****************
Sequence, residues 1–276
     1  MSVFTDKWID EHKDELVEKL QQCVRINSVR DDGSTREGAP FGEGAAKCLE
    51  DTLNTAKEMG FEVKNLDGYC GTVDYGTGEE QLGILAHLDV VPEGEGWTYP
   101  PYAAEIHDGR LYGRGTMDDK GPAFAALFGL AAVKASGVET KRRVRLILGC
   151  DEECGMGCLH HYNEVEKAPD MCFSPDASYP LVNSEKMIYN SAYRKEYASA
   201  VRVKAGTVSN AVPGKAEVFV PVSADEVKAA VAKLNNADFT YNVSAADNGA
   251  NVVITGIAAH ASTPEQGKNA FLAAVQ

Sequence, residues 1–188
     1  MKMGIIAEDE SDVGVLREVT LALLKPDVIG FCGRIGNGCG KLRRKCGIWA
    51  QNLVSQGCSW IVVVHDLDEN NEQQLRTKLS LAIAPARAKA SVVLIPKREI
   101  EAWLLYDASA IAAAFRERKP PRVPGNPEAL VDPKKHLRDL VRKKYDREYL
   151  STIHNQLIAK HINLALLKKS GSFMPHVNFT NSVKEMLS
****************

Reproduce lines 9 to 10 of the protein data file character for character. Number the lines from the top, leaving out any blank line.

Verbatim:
     1  MKMGIIAEDE SDVGVLREVT LALLKPDVIG FCGRIGNGCG KLRRKCGIWA
    51  QNLVSQGCSW IVVVHDLDEN NEQQLRTKLS LAIAPARAKA SVVLIPKREI